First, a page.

Based on methods, research can be divided into 3 different types; Quantitative, qualitative or mixed method that apply both. Quantitative research focuses on collecting facts and figures in numeric terms, analysing those using various statistical tools and methods and present the findings to describe how big or serious a situation/problem is. The qualitative research on the other hand focuses more on collecting facts in narrative form, analyzing the relationship between various facts using qualitative tools and give possible explanations of why that situation exists. Both quantitative and qualitative research can play a very strong complementary role to each other, and that is why the mixed method approach is getting more and more popular and becoming method of choice particularly for social and development sector.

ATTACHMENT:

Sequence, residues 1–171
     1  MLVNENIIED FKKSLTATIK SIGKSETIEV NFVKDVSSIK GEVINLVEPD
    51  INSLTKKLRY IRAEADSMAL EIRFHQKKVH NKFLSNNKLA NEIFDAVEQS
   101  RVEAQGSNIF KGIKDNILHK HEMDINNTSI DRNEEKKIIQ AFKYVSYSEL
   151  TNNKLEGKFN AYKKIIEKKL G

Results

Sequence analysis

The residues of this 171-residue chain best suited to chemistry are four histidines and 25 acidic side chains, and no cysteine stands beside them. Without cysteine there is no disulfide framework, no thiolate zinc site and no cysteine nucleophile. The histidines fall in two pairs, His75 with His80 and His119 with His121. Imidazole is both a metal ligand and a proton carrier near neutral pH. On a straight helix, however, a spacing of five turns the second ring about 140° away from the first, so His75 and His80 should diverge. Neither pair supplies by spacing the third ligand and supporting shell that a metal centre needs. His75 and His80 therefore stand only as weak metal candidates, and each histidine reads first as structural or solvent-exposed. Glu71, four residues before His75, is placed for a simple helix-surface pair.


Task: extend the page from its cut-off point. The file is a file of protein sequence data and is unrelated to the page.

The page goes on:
However within those broad types describe above, there are lots of different types of research those are known by the method that is used to conduct each of those, such as cross sectional survey, case-control study, randomized controlled trial, longitudinal survey, participatory action research, ethnographic research, theoretical and empirical research, idiographic and nomothetic Research etc. etc. Apart from these research can also be categorized by the major domain or areas of research such as Medical or clinical research, social research, economic research, political research etc . However which is more important is that before choosing any particular types of research, it is crucial to be very clear about the objective and have a clearly articulated set of research questions.